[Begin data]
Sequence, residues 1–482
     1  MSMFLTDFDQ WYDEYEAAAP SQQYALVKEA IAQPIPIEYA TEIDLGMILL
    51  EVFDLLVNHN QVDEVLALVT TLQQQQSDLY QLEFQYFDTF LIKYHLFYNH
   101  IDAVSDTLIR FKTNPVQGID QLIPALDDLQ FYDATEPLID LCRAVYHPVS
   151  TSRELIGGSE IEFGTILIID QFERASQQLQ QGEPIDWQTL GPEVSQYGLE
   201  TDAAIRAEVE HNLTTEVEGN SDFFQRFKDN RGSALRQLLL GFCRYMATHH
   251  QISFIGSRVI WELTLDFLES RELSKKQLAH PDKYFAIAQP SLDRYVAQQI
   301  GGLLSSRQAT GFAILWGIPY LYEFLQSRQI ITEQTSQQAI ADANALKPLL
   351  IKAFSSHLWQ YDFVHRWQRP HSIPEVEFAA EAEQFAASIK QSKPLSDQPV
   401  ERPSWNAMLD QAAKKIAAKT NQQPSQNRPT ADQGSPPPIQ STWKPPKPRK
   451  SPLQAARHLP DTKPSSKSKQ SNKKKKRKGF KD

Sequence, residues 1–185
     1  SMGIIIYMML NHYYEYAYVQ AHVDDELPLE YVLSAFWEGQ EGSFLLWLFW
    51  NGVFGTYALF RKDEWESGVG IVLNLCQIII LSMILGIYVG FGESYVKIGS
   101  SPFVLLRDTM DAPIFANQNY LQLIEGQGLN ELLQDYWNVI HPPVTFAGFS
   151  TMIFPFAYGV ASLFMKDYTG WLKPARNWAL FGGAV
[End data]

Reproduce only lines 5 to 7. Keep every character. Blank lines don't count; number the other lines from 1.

   151  TSRELIGGSE IEFGTILIID QFERASQQLQ QGEPIDWQTL GPEVSQYGLE
   201  TDAAIRAEVE HNLTTEVEGN SDFFQRFKDN RGSALRQLLL GFCRYMATHH
   251  QISFIGSRVI WELTLDFLES RELSKKQLAH PDKYFAIAQP SLDRYVAQQI